The 3M APC Finder is a coding tool that each facility, depending on its health information management (HIM) department, will "tell you they need or they don’t need," she adds. At Trinity, HIM directors made the decision as to whether the product was needed, based on the coding expertise of the personnel and the complexity of the patient mix, Geisler notes.
On the billing side, McKesson-HBOC developed an interface to the Star patient accounting applications with the 3M APC Grouper Plus, Geisler says. Grouper Plus groups the APCs, and checks for conflicts with the Correct Coding Initiative (CCI), a set of rules that looks at the relationships between groups of CPT codes, she explains. Basically, the CCI provides that if you do one procedure that you subsequently will group into an APC, you may not bill other procedures with it, Geisler says. Grouper Plus also gives the reimbursement for the claim, both for charges bundled under the APCs, and for those paid according to a fee schedule, such as lab charges, she adds.
APC implementation was challenging from a technical perspective, Geisler notes, because Trinity personnel "had to learn to work the interface and how to work the claims. For the most part, it was the hospitals’ first exposure to the CCI, so they not only had to learn a new reimbursement methodology, they had to learn the CCI edits."
• HCFA’s ongoing changes. "It’s hard to keep our heads above water," she points out. "Our biggest ongoing challenge is keeping up with changes to the regulations. HCFA continues to make frequent changes, and the vendor has to add those, then test and install."
Initially, there was a problem with the payments for coinsurance and deductibles from the fiscal intermediary, Geisler says. Although computed correctly, the electronic remittance advice was posted wrong, she notes. The claims "were paid correctly, but some erroneous hospital bills were sent to patients. We had to look at all the payments manually." That problem has since been solved, Geisler adds.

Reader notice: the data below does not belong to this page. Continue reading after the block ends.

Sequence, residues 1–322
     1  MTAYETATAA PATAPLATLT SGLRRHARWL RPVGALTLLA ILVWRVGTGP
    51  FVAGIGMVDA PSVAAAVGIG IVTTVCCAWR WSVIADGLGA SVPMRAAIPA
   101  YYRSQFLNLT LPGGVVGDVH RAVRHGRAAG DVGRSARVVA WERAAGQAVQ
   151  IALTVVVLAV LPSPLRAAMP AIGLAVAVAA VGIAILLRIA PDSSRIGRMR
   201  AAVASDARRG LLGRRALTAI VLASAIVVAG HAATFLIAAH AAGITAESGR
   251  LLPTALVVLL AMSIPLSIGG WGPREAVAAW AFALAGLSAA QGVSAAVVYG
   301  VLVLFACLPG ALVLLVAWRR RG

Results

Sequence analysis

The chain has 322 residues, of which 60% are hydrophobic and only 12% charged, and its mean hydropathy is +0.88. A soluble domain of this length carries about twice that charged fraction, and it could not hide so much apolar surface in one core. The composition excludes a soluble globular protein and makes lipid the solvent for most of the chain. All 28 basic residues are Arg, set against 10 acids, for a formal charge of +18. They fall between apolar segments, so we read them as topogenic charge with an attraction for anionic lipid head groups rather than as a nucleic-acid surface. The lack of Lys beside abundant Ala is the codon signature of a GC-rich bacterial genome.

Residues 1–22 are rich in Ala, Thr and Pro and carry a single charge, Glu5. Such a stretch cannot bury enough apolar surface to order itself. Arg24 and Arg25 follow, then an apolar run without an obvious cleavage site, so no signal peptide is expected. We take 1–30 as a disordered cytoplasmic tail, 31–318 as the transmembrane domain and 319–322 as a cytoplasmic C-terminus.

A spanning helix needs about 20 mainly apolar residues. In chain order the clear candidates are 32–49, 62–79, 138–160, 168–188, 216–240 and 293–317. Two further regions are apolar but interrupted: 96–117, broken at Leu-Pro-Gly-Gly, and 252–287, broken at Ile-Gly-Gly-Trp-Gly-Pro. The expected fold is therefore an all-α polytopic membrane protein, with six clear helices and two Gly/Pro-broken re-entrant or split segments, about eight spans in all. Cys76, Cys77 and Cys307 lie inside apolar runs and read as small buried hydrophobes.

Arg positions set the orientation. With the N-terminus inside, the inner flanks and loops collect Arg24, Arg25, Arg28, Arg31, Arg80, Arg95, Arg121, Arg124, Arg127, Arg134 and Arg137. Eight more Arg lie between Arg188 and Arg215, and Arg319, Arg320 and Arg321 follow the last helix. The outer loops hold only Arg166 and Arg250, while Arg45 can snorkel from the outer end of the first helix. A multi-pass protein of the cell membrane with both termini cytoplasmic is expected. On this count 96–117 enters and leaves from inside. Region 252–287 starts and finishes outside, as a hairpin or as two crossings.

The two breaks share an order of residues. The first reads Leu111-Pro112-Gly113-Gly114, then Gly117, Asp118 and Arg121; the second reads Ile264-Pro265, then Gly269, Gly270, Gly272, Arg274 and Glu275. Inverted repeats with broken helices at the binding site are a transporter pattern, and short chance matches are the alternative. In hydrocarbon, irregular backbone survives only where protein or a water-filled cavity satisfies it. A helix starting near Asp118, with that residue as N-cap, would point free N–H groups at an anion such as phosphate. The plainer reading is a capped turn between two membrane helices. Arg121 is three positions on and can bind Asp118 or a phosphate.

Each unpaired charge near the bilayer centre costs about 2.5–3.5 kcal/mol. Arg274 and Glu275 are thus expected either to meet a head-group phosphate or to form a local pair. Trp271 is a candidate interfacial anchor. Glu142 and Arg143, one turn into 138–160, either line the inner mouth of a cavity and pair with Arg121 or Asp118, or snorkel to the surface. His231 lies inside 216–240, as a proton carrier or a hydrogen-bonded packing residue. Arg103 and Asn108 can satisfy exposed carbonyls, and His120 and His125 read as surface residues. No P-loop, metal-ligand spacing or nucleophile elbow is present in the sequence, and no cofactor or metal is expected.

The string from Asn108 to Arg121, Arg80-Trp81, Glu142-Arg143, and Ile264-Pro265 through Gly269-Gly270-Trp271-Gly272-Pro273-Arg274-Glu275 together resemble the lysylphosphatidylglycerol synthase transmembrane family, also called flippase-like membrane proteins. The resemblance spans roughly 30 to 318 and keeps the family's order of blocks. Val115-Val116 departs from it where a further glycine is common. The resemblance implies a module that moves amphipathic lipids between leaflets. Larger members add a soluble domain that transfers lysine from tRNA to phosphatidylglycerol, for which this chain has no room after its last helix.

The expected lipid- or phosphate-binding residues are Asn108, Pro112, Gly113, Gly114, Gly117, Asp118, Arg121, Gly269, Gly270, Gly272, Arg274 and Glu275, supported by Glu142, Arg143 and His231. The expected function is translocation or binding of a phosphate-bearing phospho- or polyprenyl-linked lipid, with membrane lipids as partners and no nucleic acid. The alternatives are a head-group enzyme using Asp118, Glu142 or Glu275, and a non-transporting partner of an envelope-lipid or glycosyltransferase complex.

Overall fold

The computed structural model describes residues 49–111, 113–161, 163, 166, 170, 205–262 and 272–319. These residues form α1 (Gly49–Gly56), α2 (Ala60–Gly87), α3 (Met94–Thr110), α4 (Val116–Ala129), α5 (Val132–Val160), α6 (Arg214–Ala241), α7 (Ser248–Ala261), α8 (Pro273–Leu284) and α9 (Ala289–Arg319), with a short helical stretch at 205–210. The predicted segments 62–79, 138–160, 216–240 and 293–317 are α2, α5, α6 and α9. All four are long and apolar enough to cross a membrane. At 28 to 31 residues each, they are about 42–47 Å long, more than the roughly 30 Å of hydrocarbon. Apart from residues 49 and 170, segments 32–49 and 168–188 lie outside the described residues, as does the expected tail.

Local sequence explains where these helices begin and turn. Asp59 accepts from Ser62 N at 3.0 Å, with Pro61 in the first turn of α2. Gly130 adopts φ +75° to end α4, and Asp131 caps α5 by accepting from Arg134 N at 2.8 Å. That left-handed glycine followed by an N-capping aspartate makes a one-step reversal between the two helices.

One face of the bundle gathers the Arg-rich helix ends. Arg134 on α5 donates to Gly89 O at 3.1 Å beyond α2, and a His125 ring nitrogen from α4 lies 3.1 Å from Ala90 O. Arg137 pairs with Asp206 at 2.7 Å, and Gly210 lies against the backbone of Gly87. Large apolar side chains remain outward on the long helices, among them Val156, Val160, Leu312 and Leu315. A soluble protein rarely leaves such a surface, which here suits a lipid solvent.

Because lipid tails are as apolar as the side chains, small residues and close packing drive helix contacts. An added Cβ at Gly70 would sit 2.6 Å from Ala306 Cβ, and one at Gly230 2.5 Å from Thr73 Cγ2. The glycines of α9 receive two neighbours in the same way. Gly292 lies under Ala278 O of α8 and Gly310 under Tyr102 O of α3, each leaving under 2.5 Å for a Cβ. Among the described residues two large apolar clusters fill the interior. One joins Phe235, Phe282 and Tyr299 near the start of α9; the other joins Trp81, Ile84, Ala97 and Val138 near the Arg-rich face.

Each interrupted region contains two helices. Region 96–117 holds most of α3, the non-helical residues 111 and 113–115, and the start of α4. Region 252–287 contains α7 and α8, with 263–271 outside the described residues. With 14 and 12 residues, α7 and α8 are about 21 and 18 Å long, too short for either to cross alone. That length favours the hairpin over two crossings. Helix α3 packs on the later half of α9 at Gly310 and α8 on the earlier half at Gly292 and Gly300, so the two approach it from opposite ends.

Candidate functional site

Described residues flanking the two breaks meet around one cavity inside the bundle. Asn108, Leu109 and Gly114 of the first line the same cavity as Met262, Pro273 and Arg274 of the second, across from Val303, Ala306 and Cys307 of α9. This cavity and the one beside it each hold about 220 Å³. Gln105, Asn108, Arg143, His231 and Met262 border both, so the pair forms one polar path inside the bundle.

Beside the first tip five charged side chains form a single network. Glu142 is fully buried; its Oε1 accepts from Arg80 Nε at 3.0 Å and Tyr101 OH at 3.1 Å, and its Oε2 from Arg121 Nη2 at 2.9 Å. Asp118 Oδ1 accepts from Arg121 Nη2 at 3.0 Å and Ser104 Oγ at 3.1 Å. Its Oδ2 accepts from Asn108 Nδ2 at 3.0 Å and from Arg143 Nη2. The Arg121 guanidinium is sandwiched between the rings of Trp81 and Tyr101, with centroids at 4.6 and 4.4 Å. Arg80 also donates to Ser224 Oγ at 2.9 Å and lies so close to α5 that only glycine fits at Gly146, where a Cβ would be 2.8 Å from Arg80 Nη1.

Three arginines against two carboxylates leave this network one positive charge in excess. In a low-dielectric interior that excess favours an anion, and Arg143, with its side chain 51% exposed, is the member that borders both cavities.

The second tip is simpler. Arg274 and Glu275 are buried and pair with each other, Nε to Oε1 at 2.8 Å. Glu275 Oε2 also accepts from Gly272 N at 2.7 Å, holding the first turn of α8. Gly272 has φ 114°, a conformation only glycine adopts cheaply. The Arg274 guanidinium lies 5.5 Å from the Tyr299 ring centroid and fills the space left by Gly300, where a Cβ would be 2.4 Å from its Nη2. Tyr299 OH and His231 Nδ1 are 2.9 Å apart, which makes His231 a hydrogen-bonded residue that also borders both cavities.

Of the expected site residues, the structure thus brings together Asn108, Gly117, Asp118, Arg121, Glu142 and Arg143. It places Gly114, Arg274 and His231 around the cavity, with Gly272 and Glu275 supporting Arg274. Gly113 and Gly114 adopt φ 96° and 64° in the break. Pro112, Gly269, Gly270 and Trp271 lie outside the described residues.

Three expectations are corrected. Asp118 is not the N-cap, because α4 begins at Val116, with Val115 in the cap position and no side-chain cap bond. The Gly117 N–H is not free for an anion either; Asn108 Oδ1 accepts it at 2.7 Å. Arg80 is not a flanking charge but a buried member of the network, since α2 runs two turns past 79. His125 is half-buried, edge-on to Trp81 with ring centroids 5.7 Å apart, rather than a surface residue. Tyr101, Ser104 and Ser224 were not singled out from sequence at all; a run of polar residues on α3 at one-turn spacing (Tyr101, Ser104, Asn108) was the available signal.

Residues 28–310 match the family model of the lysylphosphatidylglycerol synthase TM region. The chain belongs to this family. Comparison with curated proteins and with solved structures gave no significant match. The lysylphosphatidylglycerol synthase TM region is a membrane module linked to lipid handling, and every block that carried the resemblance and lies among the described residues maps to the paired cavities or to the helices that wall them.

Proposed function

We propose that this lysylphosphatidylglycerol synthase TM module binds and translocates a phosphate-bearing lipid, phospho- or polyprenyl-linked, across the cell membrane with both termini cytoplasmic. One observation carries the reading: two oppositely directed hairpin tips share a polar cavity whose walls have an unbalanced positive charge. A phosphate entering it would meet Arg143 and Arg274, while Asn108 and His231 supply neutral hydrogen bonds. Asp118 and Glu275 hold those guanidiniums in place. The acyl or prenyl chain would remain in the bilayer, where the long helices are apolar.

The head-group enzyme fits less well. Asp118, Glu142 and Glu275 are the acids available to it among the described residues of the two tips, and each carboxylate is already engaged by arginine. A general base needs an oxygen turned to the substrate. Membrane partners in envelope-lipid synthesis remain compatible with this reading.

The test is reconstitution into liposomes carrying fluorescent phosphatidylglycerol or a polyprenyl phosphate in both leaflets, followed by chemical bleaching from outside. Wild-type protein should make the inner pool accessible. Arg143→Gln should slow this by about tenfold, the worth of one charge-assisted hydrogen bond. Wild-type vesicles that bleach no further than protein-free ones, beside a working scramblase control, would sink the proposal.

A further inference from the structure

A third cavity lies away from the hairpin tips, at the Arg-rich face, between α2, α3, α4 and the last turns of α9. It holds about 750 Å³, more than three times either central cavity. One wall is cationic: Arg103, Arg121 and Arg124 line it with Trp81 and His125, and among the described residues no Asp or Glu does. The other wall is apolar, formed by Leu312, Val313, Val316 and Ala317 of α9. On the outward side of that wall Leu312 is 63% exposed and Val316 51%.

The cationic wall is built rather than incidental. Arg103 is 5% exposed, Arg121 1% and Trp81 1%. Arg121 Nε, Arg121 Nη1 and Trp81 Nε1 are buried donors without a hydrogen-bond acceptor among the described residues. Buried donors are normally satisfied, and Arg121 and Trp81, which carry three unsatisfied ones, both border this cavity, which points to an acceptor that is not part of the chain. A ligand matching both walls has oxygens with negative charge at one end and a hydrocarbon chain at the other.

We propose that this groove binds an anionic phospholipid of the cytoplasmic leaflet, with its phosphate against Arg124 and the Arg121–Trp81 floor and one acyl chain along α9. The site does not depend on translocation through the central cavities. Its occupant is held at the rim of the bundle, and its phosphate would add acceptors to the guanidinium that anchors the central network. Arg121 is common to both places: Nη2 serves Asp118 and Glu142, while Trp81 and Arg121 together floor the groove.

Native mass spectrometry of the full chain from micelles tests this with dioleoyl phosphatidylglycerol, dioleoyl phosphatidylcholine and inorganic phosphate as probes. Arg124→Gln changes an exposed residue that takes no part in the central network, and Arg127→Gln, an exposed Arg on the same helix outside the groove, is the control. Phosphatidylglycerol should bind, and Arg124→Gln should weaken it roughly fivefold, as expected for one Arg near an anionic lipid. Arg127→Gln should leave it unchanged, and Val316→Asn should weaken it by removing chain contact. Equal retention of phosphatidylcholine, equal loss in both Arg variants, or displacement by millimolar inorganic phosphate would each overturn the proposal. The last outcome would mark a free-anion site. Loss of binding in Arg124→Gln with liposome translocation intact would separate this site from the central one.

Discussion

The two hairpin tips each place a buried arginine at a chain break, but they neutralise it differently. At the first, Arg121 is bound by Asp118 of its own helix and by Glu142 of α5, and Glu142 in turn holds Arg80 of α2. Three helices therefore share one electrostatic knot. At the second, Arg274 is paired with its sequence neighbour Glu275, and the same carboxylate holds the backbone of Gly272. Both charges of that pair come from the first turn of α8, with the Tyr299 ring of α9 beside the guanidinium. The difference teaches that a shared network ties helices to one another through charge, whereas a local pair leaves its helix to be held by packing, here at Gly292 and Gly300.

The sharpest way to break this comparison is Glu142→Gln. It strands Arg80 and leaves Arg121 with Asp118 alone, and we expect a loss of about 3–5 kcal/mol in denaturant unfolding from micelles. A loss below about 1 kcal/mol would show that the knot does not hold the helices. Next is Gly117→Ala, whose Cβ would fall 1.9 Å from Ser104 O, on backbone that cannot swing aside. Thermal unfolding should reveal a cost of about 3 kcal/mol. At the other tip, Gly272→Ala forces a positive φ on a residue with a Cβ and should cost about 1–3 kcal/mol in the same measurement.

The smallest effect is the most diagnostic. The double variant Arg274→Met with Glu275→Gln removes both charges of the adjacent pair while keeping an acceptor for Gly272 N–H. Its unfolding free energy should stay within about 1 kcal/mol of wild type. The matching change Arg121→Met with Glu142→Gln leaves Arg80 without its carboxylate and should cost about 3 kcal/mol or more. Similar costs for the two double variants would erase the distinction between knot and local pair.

HCFA originally had an addendum to the APC regulations listing procedures that would be covered only if done in an inpatient setting, she notes. After realizing many of those are often done on an outpatient basis, the agency changed the list, "but implementation lagged behind the arrival of APCs," Geisler adds. "That was resolved by the first of January, but there were several months where we were told to hold the claims for those procedures."
One of the big APC issues has been the "pass-throughs" that have been allowed for medical equipment and some drugs, she says. These items — designated by "C" (equipment) and "J" (drug) codes — include some high-dollar equipment, such as pacemakers, and expensive drugs, Geisler says, and are paid in addition to the APC. The identification of those items has been a challenge because HCFA has changed the list many times since APCs became effective in August 2000, she notes. Part of the difficulty is that the codes for those items are now "vendor-specific and device-specific," Geisler says. "Somebody needs to monitor the chargemaster so these [changes] are reflected."